The creator of "Big Brother" John De Mol launched his new show "Utopia" in the Netherlands on Monday, seeking to reverse the fortunes of his SBS channels amid a spat with co-owner Sanoma.
The king of reality television described his new show as a "social experiment", in which 15 participants are cut off from the outside world for a year and largely left to their own devices "to build a new society".
They are given a shed, two cows, chickens, some personal possessions and land to cultivate before being mostly left alone -- apart from being watched by around 100 cameras recording their every move, according to De Mol.
But unlike "Big Brother", where producers played a major role in steering events, in "Utopia", "we... have no say," he told the centre-left daily Volkskrant in an interview.
"It's a social experiment in which we basically just record," said De Mol.
The Volkskrant said that despite the new concept, the ingredients remain essentially the same as previous reality shows: a group of people cut off from the rest of the world, being followed by many cameras and with contestants being eliminated.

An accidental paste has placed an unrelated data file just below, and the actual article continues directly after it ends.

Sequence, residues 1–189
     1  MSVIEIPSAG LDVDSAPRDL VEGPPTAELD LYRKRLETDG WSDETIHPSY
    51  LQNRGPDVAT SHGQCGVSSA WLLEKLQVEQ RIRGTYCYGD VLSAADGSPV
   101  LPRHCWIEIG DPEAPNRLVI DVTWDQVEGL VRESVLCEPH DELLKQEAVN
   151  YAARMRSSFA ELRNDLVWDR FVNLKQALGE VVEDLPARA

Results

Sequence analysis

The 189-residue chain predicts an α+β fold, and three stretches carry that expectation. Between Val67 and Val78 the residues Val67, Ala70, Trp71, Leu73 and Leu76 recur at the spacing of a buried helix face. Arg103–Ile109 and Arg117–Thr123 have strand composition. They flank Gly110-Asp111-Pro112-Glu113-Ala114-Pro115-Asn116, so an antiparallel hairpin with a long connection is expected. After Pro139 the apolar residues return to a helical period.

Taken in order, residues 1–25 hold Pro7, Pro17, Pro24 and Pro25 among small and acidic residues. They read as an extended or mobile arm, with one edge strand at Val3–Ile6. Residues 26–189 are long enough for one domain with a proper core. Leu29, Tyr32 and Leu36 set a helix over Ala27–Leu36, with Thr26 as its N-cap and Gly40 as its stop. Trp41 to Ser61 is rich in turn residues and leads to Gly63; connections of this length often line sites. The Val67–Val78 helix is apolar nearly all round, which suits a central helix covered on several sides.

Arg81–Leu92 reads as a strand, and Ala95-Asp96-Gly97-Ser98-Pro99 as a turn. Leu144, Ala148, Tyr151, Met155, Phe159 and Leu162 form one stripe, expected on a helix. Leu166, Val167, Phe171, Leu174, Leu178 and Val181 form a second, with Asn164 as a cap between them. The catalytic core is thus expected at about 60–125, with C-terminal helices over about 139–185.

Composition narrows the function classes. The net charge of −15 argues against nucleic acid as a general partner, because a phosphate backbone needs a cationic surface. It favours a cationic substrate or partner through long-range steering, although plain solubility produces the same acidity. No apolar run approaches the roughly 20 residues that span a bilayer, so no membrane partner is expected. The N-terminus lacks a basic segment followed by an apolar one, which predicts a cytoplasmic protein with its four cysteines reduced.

"If the group in a short space of time creates a harmonious, well-functioning society, it may well flop. But if there is chaos, fights and drama... it will be jackpot for De Mol," the paper said.
"Utopia" airs five evenings a week on one of SBS's three channels and 24 hours-a-day on the Internet.
The show's launch comes amid a simmering row between Talpa, De Mol's media company which owns 33 percent of SBS, and Finnish media giant Sanoma, which owns the rest, over disappointing viewer ratings.
"I think everyone will agree that SBS' ratings could be better," Talpa's spokesman Thomas Notermans told AFP.
SBS' channels -- SBS6, Veronica, and Net5 -- have 15-20 percent of the Dutch television market.
De Mol irked Sanoma in an interview last month by telling Dutch media that SBS was "heading for failure" and that Sanoma refused to properly invest in the channels.
He then offered to buy-out Sanoma's shares in SBS for 373 million euros ($509 million), Dutch media reported.
Sanoma in return refuted De Mol's allegation, saying it wanted to buy Talpa's shares in SBS.
De Mol has a net worth of $2.2 billion, according to US magazine Forbes.